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Variant of Club Drug 'K' Might Have New Life as Antidepressant

Variant of Club Drug 'K' Might Have New Life as Antidepressant

TUESDAY, Oct. 15 (HealthDay News) -- The veterinary tranquilizer ketamine -- perhaps better known as the illicit "club drug" Special K -- may be reformulated for use as an antidepressant, and researchers report promising early findings.

The goal is to produce a ketamine-like drug without nasty side effects, such as hallucinations. In this new study, which researchers say is the most comprehensive of its kind, depressed people who took the drug reported improvement over three weeks.

Although the findings need to be replicated in other studies, "they do generate scientific data that will pave the way for future research," said study co-author Sanjeev Pathak, senior director of clinical development with AstraZeneca Pharmaceuticals, which is funding the research.

It's still unclear whether the drug under development is safe or could be used long-term.

The study, published online Oct. 15 in the journal Molecular Psychiatry, also provides increasing evidence that a new class of medications with similar effects to ketamine could become available, said Michael Quirk, study co-author and director of discovery and preclinical sciences with AstraZeneca.

In the United States, about 9 percent of adults report depression, according to the U.S. Centers for Disease Control and Prevention. Drug companies want to bring a new antidepressant to the market because the existing medications don't work for everyone.

"The working rule of thumb is that a third of patients may get a response from the first treatment with an antidepressant, but a substantial proportion fail," said Dr. G. Caleb Alexander, co-director of the Johns Hopkins Center for Drug Safety and Effectiveness. Alexander was not involved in the research.

Failure of the first antidepressant treatment typically requires patients to try alternatives. That, of course, takes time, especially because antidepressants often act slowly.

Enter ketamine, which is used legally as an anesthetic in animals and people. It can put people in a trance-like state and cause hallucinations, which has led to its illegal use in the club scene, where it's known as Special K or K.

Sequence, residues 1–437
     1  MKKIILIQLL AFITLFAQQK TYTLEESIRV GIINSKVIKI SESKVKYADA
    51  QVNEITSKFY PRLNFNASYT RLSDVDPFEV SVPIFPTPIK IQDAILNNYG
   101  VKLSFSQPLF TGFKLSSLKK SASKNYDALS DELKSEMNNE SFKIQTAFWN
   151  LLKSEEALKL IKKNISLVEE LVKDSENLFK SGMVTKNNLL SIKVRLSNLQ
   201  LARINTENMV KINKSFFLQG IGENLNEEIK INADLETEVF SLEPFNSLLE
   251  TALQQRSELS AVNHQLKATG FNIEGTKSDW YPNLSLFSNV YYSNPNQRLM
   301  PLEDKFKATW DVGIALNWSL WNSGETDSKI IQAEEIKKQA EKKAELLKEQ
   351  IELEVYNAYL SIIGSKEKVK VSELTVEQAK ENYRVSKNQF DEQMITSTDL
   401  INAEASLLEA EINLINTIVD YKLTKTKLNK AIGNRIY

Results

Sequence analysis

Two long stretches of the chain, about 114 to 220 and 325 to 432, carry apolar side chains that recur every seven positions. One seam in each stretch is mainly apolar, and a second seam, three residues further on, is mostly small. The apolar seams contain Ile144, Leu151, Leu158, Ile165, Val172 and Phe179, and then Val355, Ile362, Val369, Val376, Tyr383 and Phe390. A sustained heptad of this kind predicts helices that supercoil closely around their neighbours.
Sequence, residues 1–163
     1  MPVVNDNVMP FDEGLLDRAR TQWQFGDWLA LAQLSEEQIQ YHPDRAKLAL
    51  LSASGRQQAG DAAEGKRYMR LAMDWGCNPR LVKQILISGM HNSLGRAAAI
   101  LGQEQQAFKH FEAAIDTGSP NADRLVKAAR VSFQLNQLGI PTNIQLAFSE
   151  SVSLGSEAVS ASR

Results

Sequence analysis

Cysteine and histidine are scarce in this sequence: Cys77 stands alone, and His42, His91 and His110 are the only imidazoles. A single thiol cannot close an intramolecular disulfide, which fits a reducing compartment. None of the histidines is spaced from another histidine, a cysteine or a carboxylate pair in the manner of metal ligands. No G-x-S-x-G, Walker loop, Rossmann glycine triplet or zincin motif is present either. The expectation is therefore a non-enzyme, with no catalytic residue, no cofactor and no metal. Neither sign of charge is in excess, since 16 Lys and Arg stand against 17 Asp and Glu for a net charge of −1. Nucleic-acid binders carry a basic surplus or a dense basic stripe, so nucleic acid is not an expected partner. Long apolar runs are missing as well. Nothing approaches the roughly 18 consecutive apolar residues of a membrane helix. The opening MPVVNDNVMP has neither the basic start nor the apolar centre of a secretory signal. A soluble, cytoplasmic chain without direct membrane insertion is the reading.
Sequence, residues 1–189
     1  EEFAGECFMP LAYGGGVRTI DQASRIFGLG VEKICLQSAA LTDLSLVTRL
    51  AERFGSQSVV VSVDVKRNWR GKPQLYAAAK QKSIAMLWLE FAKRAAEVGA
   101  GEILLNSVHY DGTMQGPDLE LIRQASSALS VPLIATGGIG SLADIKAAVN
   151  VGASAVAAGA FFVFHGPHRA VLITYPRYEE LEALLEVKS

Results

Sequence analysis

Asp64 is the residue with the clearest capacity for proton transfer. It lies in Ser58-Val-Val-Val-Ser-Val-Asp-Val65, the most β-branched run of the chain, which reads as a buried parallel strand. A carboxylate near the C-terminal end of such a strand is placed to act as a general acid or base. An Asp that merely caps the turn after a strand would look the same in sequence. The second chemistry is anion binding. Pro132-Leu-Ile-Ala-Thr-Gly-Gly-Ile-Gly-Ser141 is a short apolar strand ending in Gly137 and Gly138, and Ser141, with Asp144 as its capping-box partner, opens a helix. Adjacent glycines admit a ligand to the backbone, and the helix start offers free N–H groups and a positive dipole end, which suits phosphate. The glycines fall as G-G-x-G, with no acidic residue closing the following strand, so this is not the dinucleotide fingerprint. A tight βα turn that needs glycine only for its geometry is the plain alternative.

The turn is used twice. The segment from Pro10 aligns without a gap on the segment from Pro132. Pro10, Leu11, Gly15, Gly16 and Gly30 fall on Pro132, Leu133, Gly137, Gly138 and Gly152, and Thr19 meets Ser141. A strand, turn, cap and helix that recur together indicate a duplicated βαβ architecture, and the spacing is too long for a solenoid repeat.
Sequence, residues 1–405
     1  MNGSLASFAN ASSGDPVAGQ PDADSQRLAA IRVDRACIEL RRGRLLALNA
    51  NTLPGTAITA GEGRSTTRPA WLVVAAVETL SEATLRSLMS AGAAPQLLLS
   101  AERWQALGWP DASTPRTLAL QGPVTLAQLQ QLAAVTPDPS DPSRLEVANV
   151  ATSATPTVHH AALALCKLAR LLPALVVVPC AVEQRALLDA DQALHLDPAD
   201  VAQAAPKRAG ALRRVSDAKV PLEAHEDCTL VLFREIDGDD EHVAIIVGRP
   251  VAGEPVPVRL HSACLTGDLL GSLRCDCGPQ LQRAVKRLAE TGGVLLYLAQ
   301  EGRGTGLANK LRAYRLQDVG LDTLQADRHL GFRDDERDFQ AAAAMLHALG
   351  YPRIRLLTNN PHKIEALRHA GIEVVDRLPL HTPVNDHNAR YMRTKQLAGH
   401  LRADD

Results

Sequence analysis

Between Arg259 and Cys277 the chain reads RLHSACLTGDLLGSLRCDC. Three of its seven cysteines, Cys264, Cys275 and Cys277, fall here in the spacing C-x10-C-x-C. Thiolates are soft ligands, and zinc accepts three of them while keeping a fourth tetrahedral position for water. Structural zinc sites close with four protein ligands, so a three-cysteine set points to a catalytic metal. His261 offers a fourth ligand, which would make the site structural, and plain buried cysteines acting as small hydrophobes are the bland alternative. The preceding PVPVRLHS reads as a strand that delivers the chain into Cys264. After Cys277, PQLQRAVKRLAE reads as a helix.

In recent years, researchers have started to investigate ketamine as an antidepressant, and some physicians are prescribing it off-label. It is legal in the United States to prescribe government-approved drugs for nonapproved uses. Drug companies, however, hope to produce a nongeneric version of a ketamine-like drug that they can sell and promote.

Big questions remain regarding effectiveness, safety, long-term use, cost and side effects. The point is to capture the positive mood-altering properties without the negative side effects.

The new research consists of two Phase II studies, meaning AstraZeneca is partway through the three stages of research that drugs must go through for approval in the United States.

In the new studies, the researchers tested a drug called lanicemine, which, like ketamine, disrupts how the brain processes neurotransmitters. In one of the studies, 152 people with depression were randomly assigned to take 100 milligrams or 150 milligrams of the drug or a placebo intravenously at three-day intervals for three weeks.

The patients who took the drug were more likely to report improvement in their depression during the three weeks they got the medication and for several weeks afterward, although the side effect of temporary dizziness was common. The hallucinations and delusions associated with ketamine were not evident.

More research is planned. "We've got a long way to go before deciding that this drug is adequately safe or effective enough that it should be put on the market," Alexander said.

More information

The U.S. National Library of Medicine has more about depression.

SOURCES: Sanjeev Pathak, M.D., AstraZeneca Pharmaceuticals, Wilmington, Del.; Michael Quirk, Ph.D., director, discovery and preclinical sciences, AstraZeneca, Cambridge, Mass.; G. Caleb Alexander, M.D., associate professor of epidemiology and medicine, and co-director, Johns Hopkins Center for Drug Safety and Effectiveness, Johns Hopkins University, Baltimore; Oct. 15, 2013, Molecular Psychiatry, online

 
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